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Old 12-08-2020, 03:29 PM   #41
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All first world problems that seem rather obsessive. My parents are both 79 and very active (and have been taking RMDs for 9 years now). They honestly don't know what to do with the extra money, and usually re-invest it.

These are people who had a one income factory pension, and one SS with only $100,000 in his 401K, possibly (just maybe) you are overthinking the fine details of your seven figure investments !
There are different perspectives in play.

Your parents have only a tiny savings.
With only $200,000 or less in a 401K , I wouldn't bother doing conversions.
If your parents have $2M in a 401K, RMD's would push them into higher tax brackets.

There is a sweet spot where this can be avoided by doing conversions. Thus saving money, which can be later used for LTC, or inheritance, or world cruise.

Also your Parents have a Pension, people who don't have a pension will depend on SS and savings, so not wasting money on taxes unnecessarily will make their retirement more financially secure.
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Old 12-08-2020, 04:05 PM   #42
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DawgMan,

What are the results if from 56 until 72 you live off of taxable accounts (baseline) and add Roth conversions to the top of the 24% tax bracket? Same question but top of 22% tax bracket?
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Old 12-08-2020, 04:23 PM   #43
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If one of us dies at 72 the survivor would lose DW's SS... that's it since my pension is 100% survivor. The standard deduction would halve so TI would go up some... about 7% by my calculations... but because of the different tax brackets between MFJ and single the tax would be 57% higher! Interestingly, the same 22% marginal tax bracket in each case but the survivor would be much deeper into the 22% tax bracket... in fact, almost to the top of the 22% tax bracket. That 57% jump in tax was eye-opening to me.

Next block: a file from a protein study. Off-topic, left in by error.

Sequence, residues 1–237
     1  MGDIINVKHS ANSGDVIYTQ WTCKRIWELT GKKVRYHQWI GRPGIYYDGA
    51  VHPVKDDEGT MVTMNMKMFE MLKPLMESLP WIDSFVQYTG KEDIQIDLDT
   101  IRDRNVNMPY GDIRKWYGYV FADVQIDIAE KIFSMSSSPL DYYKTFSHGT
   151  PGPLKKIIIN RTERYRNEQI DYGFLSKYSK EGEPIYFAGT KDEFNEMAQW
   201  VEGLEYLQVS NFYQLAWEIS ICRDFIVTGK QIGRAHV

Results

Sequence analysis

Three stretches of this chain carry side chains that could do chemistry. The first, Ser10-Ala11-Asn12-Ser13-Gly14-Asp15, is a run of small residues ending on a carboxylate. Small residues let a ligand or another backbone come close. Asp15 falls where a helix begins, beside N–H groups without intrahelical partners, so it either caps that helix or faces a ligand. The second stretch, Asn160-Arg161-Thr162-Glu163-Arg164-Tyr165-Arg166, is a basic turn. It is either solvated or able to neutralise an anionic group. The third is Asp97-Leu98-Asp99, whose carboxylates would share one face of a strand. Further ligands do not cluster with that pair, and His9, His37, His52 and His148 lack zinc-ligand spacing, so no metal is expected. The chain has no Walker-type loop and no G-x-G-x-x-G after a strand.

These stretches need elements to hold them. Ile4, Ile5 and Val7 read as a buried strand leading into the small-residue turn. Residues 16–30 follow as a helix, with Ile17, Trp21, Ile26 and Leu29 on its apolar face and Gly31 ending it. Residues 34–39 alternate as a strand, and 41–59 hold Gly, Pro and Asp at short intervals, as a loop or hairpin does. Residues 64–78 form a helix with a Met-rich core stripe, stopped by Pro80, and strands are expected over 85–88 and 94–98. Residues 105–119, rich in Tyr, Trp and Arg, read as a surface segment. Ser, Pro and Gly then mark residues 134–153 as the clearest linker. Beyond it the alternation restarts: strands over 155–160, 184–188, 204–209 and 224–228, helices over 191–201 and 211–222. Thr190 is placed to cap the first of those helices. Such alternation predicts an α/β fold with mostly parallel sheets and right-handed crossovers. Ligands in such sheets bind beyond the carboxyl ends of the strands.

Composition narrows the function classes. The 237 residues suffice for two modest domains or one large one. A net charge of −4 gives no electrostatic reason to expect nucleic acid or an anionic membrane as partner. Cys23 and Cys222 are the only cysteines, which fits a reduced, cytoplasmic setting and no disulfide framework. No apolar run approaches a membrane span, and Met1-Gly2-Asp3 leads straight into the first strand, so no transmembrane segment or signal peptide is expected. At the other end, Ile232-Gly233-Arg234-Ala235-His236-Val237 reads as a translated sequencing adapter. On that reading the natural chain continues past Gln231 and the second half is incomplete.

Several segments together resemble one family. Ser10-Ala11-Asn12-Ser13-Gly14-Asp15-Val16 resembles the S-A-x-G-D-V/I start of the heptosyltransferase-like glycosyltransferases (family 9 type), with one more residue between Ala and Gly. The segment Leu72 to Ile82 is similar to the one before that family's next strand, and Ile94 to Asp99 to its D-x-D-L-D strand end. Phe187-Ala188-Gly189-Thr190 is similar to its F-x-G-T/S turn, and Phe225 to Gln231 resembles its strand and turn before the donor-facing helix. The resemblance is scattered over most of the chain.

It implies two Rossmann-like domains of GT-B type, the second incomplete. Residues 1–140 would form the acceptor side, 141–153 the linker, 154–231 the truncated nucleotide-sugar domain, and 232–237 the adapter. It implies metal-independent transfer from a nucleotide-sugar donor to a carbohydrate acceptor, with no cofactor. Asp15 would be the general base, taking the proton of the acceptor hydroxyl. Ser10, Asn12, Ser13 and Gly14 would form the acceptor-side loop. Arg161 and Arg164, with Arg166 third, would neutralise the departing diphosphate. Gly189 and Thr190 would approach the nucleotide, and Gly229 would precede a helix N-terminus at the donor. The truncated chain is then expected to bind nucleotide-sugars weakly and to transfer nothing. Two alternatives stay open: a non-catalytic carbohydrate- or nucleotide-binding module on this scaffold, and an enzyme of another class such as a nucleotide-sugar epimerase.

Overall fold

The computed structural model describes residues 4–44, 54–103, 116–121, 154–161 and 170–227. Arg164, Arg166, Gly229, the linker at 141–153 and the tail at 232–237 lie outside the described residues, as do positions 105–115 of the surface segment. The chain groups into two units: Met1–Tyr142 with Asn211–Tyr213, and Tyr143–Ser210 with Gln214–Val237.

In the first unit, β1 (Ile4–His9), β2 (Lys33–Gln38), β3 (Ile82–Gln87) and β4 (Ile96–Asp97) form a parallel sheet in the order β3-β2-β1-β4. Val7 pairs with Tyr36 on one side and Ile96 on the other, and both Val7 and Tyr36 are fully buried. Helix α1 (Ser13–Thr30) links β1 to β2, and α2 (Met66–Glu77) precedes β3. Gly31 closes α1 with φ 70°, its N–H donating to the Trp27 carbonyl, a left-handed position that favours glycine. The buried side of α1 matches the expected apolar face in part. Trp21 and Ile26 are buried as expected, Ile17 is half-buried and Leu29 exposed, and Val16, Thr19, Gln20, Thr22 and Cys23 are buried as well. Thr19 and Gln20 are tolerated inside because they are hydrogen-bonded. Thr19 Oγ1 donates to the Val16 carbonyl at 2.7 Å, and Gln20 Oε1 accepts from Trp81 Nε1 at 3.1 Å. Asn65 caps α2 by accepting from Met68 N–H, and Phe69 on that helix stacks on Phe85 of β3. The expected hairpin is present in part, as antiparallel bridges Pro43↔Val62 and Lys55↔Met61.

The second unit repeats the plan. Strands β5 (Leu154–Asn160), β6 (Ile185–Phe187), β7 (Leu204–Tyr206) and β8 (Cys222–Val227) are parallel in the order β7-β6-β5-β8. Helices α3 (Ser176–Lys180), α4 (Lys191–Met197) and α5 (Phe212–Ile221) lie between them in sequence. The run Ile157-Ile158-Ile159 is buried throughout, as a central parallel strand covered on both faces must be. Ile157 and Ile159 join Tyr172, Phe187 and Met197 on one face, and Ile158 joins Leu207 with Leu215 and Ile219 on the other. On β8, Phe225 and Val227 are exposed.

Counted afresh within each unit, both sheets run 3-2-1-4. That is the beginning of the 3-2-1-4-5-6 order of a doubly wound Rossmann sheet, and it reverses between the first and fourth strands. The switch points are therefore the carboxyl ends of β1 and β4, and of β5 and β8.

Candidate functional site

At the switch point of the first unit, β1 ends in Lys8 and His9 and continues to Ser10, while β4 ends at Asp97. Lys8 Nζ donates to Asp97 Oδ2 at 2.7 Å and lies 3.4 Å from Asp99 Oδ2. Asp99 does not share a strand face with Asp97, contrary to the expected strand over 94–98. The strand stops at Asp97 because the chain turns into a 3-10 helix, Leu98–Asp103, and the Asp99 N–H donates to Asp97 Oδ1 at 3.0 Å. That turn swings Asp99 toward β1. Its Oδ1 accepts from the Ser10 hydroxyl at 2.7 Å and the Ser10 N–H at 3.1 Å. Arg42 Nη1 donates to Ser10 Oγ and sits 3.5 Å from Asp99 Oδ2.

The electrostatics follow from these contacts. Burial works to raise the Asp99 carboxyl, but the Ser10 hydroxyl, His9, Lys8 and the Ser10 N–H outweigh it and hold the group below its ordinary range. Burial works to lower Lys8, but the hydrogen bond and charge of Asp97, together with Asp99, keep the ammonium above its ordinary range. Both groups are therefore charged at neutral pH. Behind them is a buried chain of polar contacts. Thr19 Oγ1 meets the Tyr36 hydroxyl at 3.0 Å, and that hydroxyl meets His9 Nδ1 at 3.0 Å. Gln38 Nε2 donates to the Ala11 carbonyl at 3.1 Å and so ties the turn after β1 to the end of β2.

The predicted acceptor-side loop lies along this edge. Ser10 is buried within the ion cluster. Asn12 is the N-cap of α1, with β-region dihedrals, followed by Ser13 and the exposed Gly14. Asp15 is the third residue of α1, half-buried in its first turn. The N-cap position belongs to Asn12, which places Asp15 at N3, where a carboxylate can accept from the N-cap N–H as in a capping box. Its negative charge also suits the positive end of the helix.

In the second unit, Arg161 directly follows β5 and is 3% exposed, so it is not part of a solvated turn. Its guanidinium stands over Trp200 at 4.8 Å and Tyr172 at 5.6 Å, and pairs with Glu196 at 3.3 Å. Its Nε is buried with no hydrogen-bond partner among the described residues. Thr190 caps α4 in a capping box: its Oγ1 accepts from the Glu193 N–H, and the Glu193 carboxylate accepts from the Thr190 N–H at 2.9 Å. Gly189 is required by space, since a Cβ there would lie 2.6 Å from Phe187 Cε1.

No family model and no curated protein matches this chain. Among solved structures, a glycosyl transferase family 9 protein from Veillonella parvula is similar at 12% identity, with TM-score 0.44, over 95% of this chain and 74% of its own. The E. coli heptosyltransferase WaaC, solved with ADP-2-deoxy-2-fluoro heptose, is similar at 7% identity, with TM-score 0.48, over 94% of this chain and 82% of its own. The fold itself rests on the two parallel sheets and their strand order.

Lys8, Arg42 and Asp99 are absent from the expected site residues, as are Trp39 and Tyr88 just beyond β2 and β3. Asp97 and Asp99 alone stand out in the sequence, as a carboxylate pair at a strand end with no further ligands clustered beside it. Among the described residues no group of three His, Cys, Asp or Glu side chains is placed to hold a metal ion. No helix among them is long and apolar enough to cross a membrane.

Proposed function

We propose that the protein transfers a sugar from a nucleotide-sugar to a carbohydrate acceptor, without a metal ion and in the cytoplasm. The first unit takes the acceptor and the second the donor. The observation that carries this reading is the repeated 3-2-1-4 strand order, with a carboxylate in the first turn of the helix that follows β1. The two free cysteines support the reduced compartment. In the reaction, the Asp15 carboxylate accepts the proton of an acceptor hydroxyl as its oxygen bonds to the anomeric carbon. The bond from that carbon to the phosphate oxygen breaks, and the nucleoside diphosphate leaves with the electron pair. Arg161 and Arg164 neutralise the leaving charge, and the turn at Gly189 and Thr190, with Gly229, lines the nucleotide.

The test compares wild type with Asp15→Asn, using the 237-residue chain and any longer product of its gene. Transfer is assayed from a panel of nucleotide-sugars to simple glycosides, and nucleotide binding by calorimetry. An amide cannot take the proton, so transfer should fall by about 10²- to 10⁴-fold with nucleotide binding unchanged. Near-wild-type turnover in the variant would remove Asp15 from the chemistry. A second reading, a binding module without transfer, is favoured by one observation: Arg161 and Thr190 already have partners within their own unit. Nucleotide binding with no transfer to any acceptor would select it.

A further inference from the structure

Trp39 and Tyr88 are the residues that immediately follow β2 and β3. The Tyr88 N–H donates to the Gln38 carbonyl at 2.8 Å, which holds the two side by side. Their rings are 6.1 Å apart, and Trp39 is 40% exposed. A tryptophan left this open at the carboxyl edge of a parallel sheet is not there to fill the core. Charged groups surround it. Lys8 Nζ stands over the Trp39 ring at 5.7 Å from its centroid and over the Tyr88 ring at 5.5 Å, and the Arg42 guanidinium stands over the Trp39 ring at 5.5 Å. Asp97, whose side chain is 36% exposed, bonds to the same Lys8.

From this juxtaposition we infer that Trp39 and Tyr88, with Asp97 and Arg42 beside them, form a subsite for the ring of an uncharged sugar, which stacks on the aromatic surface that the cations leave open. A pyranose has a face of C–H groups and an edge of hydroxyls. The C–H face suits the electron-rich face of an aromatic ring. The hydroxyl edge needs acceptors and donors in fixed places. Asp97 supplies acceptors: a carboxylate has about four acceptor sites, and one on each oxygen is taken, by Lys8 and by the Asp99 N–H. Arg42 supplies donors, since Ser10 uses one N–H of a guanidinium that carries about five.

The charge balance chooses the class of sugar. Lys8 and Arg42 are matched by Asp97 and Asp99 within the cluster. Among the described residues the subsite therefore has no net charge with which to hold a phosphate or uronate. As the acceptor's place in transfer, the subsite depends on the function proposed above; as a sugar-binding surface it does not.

I've also been amazed at the "single" filing penalty compared with "MFJ" at RMD time. There's another thread running on prenups where some are suggesting there's little difference between living together and being married. As I mentioned on that thread, and as what you have written above illustrates, there are potentially very significant financial (tax and otherwise) benefits to being married, both while alive and for the survivor. Obviously, these should not be the deciding factors on whether to get married, but one should not be oblivious to them either.
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Old 12-08-2020, 04:59 PM   #44
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DawgMan,

What are the results if from 56 until 72 you live off of taxable accounts (baseline) and add Roth conversions to the top of the 24% tax bracket? Same question but top of 22% tax bracket?
Well, good question. I can't say I have run a hard test tax return, just rough assumptions. I will give you more specifics, but I suspect I will get some "how can you spend that much $$" comments.

My scenario 3) was run doing $150K Roth conversions each year from 56 - 71, however, my taxable accounts are naturally producing $120K - $150K of fund capital gains/dividends (without any sales driven by my personal trades/rebalancing). My plan (so far) was to look at where I thought my taxable account dividends were totaling as I got to the end of a calendar year and then do either a strategic 401K withdrawal (or Roth conversion) to a tax threshold. At least that is the plan so far.
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Old 12-08-2020, 05:57 PM   #45
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Well, good question. I can't say I have run a hard test tax return, just rough assumptions. I will give you more specifics, but I suspect I will get some "how can you spend that much $$" comments.

My scenario 3) was run doing $150K Roth conversions each year from 56 - 71, however, my taxable accounts are naturally producing $120K - $150K of fund capital gains/dividends (without any sales driven by my personal trades/rebalancing). My plan (so far) was to look at where I thought my taxable account dividends were totaling as I got to the end of a calendar year and then do either a strategic 401K withdrawal (or Roth conversion) to a tax threshold. At least that is the plan so far.
I think you fall into the can't lose and can't "win" category.